Go write something!

P.S. If you’re surprised to learn you can get indie published books onto bookstores shelves, run, don’t walk, to the blogs of Kristine Kathryn Rusch and Dean Wesley Smith.  Read. Study. Learn.

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Posted by on August 27, 2012 in Career



10 Easy Ways to Find Time to Write

It’s easy to complain about a lack of time to write. I should know. I’ve done it enough over the years.

But the truth is, you and I are no more busy than the next guy. Don’t get me wrong. I believe you when you say you have a lot to do. I just happen to know all those writers we watch generate story after story and book after book have the same 24 hours in a day as we do. And I don’t imagine they have a staff of housekeepers, nannies, chauffeurs, and personal assistants to help them carve out writing time.

So how can you find time to write?

  1. Get up half hour earlier. Yeah, I know. This isn’t anyone’s favorite thing to do. But that quiet time before anyone stirs in your house, before your phone starts to ring, and before you get distracted by email can be invaluable. If writing is important to you, well . . .
  2. Limit social networking. Speaking of email, limit yourself to specific times of day when you’ll check your inbox, log on to facebook, or dive into the twitter stream. Nothing wrong with any of those things, but if you’ve checked your email 10 times and haven’t yet finished that scene you’re working on, your schedule’s out of whack.
  3. Fall back on the old school pen and paper. Carry a notebook with you, so you can write wherever you are when inspiration strikes or you find a free moment. (Not that you should wait on inspiration, but it does happen, and it helps if you can get it down on the page while it’s fresh.)
  4. Record your favorite tv shows. Bless the inventor of the dvr. You can record a one-hour show, and skipping commercials, zip through it in about 40 minutes. Use the extra time for writing.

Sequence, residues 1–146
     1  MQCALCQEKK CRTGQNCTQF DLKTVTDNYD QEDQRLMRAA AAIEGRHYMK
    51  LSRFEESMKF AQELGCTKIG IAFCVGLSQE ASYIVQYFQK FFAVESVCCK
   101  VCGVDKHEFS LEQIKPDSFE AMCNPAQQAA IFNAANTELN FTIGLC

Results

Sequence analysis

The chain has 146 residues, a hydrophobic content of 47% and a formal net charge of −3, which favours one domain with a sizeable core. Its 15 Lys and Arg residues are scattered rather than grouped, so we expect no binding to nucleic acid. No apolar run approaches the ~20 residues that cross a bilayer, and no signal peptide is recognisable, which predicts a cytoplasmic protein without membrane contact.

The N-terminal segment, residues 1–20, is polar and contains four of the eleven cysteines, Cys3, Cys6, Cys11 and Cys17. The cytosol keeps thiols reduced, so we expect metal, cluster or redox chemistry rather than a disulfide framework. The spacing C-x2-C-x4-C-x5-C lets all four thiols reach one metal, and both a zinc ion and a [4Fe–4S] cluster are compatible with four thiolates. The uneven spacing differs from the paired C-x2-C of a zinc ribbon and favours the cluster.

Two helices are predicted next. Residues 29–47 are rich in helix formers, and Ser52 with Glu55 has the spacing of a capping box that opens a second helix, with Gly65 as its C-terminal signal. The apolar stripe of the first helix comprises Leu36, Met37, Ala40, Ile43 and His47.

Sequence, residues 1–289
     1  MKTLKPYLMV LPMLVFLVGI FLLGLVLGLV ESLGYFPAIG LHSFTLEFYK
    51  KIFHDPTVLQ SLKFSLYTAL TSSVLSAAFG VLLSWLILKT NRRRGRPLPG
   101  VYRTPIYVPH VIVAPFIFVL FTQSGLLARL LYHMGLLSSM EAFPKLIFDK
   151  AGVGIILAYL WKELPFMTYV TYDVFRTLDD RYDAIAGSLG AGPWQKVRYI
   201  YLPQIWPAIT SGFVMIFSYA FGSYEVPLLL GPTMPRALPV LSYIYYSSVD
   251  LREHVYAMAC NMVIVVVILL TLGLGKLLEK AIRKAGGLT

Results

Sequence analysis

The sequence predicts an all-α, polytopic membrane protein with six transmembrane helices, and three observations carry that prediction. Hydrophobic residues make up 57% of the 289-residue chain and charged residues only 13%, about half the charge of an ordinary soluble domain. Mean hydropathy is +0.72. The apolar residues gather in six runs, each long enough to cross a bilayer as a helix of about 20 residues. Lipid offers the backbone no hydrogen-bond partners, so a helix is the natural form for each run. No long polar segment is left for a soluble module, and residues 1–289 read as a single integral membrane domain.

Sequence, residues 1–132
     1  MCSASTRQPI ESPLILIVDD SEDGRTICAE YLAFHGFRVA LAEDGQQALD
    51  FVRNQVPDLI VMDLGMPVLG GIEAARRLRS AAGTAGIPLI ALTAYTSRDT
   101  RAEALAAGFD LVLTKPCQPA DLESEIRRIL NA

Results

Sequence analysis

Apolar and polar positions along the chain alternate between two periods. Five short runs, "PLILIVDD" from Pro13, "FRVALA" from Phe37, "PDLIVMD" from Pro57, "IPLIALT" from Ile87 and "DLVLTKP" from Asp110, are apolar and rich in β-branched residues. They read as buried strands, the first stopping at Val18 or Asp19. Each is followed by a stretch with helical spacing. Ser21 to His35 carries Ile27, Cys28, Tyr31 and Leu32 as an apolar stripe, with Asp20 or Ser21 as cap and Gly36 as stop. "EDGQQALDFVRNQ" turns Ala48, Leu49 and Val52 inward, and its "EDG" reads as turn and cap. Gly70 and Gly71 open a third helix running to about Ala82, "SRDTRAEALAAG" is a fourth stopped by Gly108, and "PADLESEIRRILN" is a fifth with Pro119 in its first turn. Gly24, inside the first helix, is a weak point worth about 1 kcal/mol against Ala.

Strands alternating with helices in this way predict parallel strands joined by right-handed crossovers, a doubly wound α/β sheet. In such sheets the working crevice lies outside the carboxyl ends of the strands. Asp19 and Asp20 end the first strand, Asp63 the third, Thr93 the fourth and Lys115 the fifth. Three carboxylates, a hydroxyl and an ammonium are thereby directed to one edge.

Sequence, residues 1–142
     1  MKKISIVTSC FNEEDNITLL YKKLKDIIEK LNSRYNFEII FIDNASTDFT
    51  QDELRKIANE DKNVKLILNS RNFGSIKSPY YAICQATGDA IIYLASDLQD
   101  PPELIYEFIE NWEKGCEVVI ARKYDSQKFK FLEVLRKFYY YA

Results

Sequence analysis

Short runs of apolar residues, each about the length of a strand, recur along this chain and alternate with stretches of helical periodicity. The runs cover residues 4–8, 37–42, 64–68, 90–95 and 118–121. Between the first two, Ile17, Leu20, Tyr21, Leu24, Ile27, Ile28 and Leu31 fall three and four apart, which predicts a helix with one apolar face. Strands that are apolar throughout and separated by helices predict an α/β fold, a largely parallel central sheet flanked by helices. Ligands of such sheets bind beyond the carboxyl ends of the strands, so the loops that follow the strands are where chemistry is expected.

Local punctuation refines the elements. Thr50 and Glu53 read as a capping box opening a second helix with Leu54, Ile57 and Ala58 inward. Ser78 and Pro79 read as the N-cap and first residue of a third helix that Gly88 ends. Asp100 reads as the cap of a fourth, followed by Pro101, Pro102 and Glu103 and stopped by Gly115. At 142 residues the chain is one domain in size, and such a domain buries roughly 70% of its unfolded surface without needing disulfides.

5. Skip the shows you don’t really care about. Seriously. Turn off the tv. It’s the biggest potential time suck in your life. Do you really need to watch episode after episode to see who wins American Idol this year? (Is that show still on the air?) Look critically at how the box is taking up your time. Remember: the writers, producers, and actors or contestants on those shows are all getting their work done and out to the world. Are you?
  6. Make use of waiting time. Whether you’re stuck in the carpool line waiting for the kids, sitting through yet another soccer practice, or waiting for the dentist to tell you how perfect your teeth are, you’ve got a block of time to get some work done. Bring along your laptop, or your notebook and a hard copy of your current project.
  7. Schedule your writing sessions. Don’t just put writing on your to-do list, block out time on your daily calendar. Whether it’s 20 minutes or 2 hours, do it consistently.Respect your work enough to show up for the appointments like you would any other. Don’t have time free in your day for regular writing sessions? How about your lunch hour? The hour after the kids go to bed? 30 minutes of the hour you’d otherwise spend complaining about your insensitive boss?
  8. Make a writing date. Find a writing partner you can regularly meet with for writing sessions. The point of these dates is to generate new work. You can always read and critique for each other later, but get the words on the page first. Grab a hot beverage, set a timer, and don’t talk until the buzzer rings.